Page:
On the night before the Magical Properties tour hit Philadelphia, I was still on the fence about whether I wanted to even go. It was on a cold Sunday evening and I was coming down with something, and dance music had never been my forte, especially when I wasn’t in the mood to dance. While looking up how to get to the venue, I found an interview with the headliner of the tour, Daedelus, that piqued my interest and ended up ultimately convincing me that I definitely shouldn’t miss out. In the Village Voice, Daedelus presented the type of music he was curating with this tour as a multidimensional and effective change in the current digital music landscape. (Heady, I know.) He had presented the varied sounds within the genre and on this tour as “an intimate affair with a lot of chances taken.” After reading the interview and then following up with another by Salva, I decided that it was well worth the cash and the emergence into the elements just to see what four DJs with very varied outlooks and sounds could sculpt into a big underground venue in Philly.
The dungeon-like space that is Underground Arts looks like the familiar nightclub set from The Fresh Prince of Bel Air. It’s a place where you can imagine goofy old Will getting kicked out over one skirmish or another, either a failed pool game or a run-in with a burly bouncer. It’s below the ground, stocked with neon lights, and industrial but it’s also clean and recently opened, so its essence is wildly unthreatening. And if there was any place to do as Daedelus had said in his interview, to take a lot of chances in an intimate space, it was at Underground Arts on Sunday night. When I arrived, it was clear that the attendance would be low, the night was cold, and the crowd appeared to be waiting in earnest for the man himself, but no one else. If there was a time to take risks, it was now.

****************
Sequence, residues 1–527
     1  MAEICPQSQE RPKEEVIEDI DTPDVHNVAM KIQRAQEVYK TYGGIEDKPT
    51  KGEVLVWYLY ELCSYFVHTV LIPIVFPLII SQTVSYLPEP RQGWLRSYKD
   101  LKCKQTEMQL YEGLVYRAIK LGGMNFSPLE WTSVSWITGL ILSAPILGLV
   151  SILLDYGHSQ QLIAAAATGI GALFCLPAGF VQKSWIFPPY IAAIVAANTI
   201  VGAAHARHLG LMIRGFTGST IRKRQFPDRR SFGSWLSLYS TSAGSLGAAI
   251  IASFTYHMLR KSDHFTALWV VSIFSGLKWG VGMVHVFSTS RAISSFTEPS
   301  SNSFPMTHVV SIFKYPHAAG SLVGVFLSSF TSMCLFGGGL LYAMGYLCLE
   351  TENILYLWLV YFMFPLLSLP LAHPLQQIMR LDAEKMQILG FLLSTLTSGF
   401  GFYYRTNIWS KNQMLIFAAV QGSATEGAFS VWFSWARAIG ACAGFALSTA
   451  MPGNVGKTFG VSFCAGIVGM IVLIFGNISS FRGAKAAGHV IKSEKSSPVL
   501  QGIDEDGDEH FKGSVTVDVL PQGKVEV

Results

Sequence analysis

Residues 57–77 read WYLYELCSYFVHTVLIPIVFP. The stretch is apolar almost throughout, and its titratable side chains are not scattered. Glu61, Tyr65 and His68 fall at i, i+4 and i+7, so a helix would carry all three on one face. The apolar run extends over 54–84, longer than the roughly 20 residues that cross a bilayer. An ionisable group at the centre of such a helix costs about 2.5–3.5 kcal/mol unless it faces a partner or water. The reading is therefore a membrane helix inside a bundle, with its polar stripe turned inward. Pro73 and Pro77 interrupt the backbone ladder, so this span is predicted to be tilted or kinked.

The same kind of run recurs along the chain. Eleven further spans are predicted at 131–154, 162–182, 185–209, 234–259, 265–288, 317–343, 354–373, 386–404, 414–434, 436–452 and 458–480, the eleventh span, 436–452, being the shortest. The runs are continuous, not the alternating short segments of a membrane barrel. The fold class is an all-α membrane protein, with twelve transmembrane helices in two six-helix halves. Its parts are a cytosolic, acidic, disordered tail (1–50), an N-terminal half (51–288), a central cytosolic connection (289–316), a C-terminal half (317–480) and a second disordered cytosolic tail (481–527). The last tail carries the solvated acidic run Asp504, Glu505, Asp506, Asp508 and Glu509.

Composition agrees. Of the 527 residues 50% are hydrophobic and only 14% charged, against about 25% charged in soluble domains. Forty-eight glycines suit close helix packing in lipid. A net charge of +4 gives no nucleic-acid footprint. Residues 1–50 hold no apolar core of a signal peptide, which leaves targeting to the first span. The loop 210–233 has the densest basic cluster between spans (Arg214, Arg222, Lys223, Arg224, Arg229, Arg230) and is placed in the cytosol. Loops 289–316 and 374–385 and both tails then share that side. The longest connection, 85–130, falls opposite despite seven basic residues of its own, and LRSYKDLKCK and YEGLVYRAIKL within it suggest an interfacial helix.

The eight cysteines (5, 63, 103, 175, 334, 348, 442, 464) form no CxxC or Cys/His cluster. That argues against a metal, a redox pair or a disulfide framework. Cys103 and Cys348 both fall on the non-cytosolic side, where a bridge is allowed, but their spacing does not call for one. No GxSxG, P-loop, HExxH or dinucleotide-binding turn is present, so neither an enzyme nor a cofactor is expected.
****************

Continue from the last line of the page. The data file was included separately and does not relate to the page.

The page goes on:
When I had first seen Ryan Hemsworth DJ at the Echoplex in LA, it was at a sold out show with his home label, We Did It, and it was on the night of the Mayan predicted end of the world. It was an end of the world party and that meant that we partied like it was the end of the world. The lineup was out of control (Shlohmo, RL Grime, Hemsworth, Groundislava, D33J, Juj, and Nick Melons) and during every set, there were at least thirty people on stage losing themselves to the sound. Though I am something of a newbie to electronic music and DJing, I developed an early appreciation for the idea that it’s weird to go to a show to just watch a DJ, well, DJ, so the obvious alternative is to dance. Right. Obvious.
It was clear when Samo Sound Boy hooked up his gear that that wasn’t really going to happen tonight. Not many people had come through to show support. What made matters even more frustrating was that you could tell from the looks of the crowd that most of them were there to see soundbender, landscape-creator Daedelus. It was a crowd of forward-thinking hippie types, a few of them even wearing sweatpants or pajama pants and beanies, with slouchy posture and grungy facial hair. It wasn’t the chic, designer-wearing, fashionable crowd typical at a party the likes of Boiler Room or the We Did It showcase. In a lot of ways, it was surprising. Philly isn’t known for its hypersensitivity toward fashion like LA or New York, but I hadn’t known that there was such a jam-band crowd at the ready. But the mighty force of DJing is that if it can be done on your laptop, it can be done anywhere, and with no concerns for the crowd who turns up. This made the night one of the more interesting and effectual shows I’ve seen in a long, long time.
Samo Sound Boy brought an immediate power to the crowd that felt raw and infectious despite the empty room it was bouncing around. There was a lot of Euro influence, some really bass-heavy beats, and even a touch of industrial know-how. Everything about the man’s set was weighty, pounding, and strong. And there is nothing more exciting than witnessing a sound like that presented without remorse but with a complete artistry. It can’t be easy to DJ to an unforgiving crowd, and though most of what he mixed stayed strictly club, a sighting of Trina’s “Red Bottoms” made his set feel epicly cohesive and unapologetically varied. Samo Sound Boy is an LA guy, but his set felt one part Eastern Europe, one part Silver Lake, and one part bedroom with the door closed, location undetermined. It was rich and encouraging and a mighty beginning to what was sure to be a genre-defying evening.